[Python-Dev] Release Schedules (was Stability & change)

Alex Martelli aleax@aleax.it
Tue, 9 Apr 2002 16:58:38 +0200

On Tuesday 09 April 2002 04:36 pm, Guido van Rossum wrote:
> > This is http://python.org/sf/444708.
> Which I'll reopen, because this is the first good use case for that
> suggestion I've seen.
> Alex is sounding much like me now (i.e., we've lured him over to our
> side :-): 

Nolo contendere -- I _was_ originally dubious on int/long unification
(not negative, but dubious), but having tasted a little I do want more.

> str() of some expressions will change, but it's "OK in a

str(23**45) is 
in Python 2.2; how will it change?  I must be confused -- I thought
repr() could yet change, while str() already had for the int/long case?

> minor release" since we can provide a nice way to deal with the
> effect.  Never mind that code that deals with this in the traditional
> way *will* break silently (displaying numbers that are a factor 10 too
> small!), which IMO is worse than the worst effect of str(1==1)
> changing (at least that'll fail with an error when it fails).  Not

Yes, I'll have to deal with the breakage in my old code (if/when I
ever dust off my old bridge-research stuff, which I haven't had
time to revisit in ages) -- I do have a few cases in which repr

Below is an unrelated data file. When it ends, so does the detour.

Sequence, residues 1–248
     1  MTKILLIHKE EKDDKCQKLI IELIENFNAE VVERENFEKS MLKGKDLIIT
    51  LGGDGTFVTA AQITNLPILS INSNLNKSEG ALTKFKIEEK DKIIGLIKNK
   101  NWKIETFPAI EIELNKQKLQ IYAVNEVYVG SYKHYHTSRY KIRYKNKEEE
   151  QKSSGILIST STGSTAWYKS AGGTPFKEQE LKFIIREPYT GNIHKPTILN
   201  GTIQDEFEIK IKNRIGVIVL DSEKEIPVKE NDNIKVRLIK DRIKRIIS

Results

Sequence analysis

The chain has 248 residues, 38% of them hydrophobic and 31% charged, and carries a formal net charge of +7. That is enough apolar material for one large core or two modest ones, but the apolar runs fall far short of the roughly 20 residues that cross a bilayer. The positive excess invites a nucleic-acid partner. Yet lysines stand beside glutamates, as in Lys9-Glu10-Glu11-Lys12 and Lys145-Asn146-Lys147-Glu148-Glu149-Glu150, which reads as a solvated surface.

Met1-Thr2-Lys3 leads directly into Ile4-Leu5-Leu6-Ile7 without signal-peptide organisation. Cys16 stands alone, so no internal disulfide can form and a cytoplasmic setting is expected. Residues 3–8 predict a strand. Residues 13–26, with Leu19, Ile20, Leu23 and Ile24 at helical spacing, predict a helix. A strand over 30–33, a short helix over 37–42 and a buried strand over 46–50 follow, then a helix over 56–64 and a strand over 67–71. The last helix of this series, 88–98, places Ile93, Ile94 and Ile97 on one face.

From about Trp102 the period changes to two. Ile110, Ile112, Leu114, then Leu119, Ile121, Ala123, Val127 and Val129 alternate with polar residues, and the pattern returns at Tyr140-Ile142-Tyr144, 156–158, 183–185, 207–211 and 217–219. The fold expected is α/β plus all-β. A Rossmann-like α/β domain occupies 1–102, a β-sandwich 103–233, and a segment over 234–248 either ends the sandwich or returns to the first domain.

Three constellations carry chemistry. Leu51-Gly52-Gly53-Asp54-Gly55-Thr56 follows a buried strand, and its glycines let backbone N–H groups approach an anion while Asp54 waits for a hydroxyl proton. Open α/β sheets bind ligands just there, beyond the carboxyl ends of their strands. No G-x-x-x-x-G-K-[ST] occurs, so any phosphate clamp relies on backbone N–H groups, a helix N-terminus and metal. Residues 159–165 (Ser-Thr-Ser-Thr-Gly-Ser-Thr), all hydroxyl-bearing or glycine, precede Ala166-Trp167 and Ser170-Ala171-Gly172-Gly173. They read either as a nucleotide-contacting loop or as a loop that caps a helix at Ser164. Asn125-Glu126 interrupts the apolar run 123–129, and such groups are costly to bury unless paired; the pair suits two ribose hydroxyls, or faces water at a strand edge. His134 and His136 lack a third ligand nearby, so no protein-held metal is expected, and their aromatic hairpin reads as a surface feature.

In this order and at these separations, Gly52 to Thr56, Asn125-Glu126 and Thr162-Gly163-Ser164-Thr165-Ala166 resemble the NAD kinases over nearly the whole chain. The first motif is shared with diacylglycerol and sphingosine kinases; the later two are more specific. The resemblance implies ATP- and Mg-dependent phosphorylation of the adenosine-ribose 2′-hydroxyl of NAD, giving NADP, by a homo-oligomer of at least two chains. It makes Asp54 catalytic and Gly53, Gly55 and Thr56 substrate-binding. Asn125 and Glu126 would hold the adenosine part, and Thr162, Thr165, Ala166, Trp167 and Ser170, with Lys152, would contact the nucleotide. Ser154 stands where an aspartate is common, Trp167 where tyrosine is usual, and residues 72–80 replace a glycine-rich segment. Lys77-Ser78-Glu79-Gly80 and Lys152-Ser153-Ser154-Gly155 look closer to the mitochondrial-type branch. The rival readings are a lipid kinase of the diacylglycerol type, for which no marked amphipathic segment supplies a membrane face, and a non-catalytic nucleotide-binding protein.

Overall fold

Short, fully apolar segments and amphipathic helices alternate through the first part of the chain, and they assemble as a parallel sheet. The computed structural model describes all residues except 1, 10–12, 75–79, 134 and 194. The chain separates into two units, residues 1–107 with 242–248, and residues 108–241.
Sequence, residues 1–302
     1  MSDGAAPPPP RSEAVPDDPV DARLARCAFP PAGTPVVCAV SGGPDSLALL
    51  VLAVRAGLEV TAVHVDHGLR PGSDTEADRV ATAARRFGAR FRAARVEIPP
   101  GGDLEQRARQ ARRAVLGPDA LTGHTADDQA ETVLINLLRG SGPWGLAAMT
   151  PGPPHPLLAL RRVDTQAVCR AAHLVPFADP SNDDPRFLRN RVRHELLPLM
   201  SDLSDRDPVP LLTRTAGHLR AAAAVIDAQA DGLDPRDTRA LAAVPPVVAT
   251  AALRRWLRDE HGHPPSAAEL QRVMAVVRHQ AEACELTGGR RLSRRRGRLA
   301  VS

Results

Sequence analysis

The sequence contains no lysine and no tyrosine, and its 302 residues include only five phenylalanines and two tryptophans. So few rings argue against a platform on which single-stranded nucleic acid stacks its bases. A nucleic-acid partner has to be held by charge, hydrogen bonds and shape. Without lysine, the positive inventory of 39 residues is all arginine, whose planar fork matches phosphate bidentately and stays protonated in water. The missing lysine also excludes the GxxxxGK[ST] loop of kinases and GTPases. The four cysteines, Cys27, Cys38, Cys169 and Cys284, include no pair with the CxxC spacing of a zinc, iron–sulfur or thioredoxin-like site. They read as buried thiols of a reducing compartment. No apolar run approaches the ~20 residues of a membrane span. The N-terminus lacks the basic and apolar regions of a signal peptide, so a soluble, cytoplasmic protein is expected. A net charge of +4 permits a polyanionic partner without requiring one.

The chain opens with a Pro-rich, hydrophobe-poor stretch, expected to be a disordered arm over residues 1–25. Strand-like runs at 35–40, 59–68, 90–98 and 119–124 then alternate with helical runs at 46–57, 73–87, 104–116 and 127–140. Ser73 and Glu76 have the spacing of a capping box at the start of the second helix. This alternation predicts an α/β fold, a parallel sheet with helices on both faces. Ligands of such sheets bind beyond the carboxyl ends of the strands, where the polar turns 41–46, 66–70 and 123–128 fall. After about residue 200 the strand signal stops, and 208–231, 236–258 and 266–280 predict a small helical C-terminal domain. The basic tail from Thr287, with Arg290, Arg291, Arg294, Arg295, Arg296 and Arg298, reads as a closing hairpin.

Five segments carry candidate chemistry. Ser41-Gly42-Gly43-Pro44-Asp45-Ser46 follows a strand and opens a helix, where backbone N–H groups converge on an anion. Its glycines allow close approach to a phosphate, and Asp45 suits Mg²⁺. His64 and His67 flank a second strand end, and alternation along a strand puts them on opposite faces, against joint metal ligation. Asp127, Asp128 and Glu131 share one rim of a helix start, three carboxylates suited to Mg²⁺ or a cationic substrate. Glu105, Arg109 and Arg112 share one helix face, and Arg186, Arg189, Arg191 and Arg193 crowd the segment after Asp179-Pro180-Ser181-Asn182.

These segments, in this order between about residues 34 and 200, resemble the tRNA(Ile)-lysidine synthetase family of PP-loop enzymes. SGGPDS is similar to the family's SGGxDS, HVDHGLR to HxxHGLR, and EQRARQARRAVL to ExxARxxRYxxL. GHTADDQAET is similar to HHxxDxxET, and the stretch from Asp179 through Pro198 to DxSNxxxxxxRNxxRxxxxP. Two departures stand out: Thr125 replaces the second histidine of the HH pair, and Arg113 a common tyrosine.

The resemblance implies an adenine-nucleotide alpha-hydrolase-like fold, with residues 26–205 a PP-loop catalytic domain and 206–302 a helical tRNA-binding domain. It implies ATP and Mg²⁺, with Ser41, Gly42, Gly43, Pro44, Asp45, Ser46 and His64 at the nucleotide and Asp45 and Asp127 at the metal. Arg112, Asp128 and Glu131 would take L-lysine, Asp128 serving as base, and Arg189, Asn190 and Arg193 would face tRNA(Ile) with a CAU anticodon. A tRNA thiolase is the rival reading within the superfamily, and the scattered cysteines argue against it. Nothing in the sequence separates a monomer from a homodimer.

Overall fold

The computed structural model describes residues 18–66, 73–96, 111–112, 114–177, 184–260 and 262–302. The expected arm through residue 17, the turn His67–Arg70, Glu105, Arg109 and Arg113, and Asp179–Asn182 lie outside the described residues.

rather than str comes into play, assuming that's what's going
to change (the str changes I had already dealt with, I think).
(As str(somelist) uses repr on the items, I have this problem...).

I guess the difference is that I see very different magnitude and
opposite signs in the conceptual effects of the two changes --
introducing booleans vs hiding int/long distinctions.  The latter
means leaving the problems of "how many bits does this
number have" to rare, specific low-level uses, just as it should
be.  The former "fills a badly needed gap" IMHO.  And for the
costs, changing repr() seems slightly lesser -- had str(1==1)
remained as '1' while only repr changed, I'd have accounted that
as a fractionally lower (practical) cost for PEP 285.

So in the end it still comes down to total cost vs total benefit,
where presumably reasonable people can differ on each of
the two sides of the equation (and the decision is up to you),
rather than absolute, objective rules.

> that I disagree, but I expect that if this happens to break Paul
> Rubin's code (to use a random example :-), all hell will break loose.

Not everybody need be reasonable, of course -- being
unreasonable used to be women's privilege, but we have
equality of the sexes now:-).